“If the Rule is permitted to take effect, students across the country will return to school in the fall with less protection from sexual harassment,” the plaintiff attorneys general argue in their complaint. “The Rule will reverse decades of effort to end the corrosive effects of sexual harassment on equal access to education – a commitment that, until now, has been shared by Congress and the Executive Branch across multiple elections and administrations, as well as by state and local officials and school administrators.”
Hill and the other Republican attorneys general are supporting the new rule in an amicus brief written by the Attorney General of Texas. They contend the new regulation corrects long-standing abuses.
“For decades, however, educational institutions and the Department of Education have betrayed basic constitutional protections in an effort to purge anything offensive from campus,” the brief states. “These constitutional abuses reached a crescendo when President Obama’s Department of Education issued its misguided 2011 Dear Colleague Letter which trampled the rights of students and created a false choice: either combat sexual harassment or protect constitutional liberties. We propose a different option: do both.”
The plaintiffs assert the new rule “improperly narrows” Title IX by including only the most egregious sexual harassment conduct in its protections and sharply curtailing the investigation and enforcement of sexual misconduct allegations.
“The Rule creates substantive and procedural barriers to schools’ investigation and adjudication of sexual harassment complaints, and discourages students and others from making sexual harassment complaints,” the complaint states. “As a result, fewer sexual harassment complaints will be filed, and schools will be less well equipped to protect their students’ safety and rid their programs and activities of the pernicious effects of sex discrimination.”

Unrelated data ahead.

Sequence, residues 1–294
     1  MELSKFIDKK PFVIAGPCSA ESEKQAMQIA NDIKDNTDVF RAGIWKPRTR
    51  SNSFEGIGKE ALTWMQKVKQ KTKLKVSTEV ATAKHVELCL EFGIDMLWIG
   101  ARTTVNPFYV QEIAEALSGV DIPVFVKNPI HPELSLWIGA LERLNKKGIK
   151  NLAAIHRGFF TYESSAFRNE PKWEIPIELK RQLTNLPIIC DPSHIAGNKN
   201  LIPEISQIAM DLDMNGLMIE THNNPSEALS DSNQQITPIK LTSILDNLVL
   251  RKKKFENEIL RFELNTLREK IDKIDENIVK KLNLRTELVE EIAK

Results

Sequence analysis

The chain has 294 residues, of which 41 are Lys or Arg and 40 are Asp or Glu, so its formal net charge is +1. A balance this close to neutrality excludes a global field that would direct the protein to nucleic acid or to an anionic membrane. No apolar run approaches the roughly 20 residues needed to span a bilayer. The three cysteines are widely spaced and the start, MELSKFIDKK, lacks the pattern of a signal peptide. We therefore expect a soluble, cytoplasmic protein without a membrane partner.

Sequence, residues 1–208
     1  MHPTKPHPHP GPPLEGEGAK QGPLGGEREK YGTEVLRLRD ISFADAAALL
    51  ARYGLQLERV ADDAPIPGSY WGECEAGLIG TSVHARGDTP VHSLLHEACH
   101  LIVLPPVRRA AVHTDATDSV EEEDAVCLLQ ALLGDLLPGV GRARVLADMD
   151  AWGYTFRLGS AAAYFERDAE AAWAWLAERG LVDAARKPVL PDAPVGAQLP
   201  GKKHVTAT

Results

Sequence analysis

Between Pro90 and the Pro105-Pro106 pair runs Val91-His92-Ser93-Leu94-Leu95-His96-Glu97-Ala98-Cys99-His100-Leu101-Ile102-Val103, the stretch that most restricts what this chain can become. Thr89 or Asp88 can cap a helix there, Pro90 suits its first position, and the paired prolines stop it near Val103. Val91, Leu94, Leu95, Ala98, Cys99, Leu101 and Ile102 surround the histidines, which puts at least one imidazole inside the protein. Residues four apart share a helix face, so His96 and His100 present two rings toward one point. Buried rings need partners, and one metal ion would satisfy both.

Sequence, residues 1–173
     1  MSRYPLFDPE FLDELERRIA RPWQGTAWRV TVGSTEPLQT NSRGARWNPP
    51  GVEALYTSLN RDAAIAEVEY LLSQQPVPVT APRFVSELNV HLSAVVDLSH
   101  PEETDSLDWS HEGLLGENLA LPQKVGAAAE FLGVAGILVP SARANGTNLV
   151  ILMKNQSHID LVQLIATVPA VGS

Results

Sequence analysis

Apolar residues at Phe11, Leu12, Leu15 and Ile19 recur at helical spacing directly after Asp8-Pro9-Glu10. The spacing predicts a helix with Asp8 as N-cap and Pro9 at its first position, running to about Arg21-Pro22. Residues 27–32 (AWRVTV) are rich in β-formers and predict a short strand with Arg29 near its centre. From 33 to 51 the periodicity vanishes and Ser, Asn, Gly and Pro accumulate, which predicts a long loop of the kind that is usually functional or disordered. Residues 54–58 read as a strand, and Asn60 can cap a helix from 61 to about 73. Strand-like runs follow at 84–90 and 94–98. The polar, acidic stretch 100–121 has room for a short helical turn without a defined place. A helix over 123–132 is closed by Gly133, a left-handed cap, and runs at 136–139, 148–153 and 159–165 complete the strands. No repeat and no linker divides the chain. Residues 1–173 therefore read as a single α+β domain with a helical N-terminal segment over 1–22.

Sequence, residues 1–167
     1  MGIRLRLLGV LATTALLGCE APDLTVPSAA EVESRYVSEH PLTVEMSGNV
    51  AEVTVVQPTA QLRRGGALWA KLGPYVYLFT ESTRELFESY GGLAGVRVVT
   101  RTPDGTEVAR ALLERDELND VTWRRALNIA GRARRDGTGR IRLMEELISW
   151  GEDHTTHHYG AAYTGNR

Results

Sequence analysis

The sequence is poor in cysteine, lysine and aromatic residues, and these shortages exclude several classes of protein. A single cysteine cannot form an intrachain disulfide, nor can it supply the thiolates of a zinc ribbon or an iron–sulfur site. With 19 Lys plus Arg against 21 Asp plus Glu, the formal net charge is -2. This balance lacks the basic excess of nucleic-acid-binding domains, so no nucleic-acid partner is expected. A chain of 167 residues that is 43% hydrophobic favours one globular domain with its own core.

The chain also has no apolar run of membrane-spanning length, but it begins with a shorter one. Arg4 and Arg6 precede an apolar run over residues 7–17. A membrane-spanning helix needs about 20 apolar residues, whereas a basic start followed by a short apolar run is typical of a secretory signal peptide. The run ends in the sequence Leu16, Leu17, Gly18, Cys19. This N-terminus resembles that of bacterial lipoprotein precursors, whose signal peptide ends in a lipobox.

In the amicus brief, the attorneys general highlight the procedural reforms in the new rule. The procedures include permitting the cross-examination of the parties by advisers, providing the option of conducting the proceedings with the complainant and respondent in different room, restricting the admissibility of a complainant’s sexual history and proclivities, and instituting rules of decorum.
“Although the specific requirements of constitutional due process vary on a case-by-case basis, the Final Rule sets forth a procedural due process standard that will pass constitutional must in most, if not all, cases while instituting safeguards that will effectively eliminate the Plaintiffs’ concerns about subjecting vulnerable witnesses to uncomfortable or intimidating situations and abuse of the proceedings,” the brief states.
Aside from Indiana, the other states joining the Texas amicus brief are Alabama, Alaska, Arkansas, Florida, Georgia, Kentucky, Louisiana, Mississippi, Nebraska, Oklahoma, South Carolina, South Dakota and Tennessee.
The other states joining Pennsylvania in filing the complaint are California, Colorado, Delaware, Illinois, Massachusetts, Michigan, Minnesota, New Jersey, New Mexico, North Carolina, Oregon, Rhode island, Vermont, Virginia, Washington and Wisconsin, along with the District of Columbia.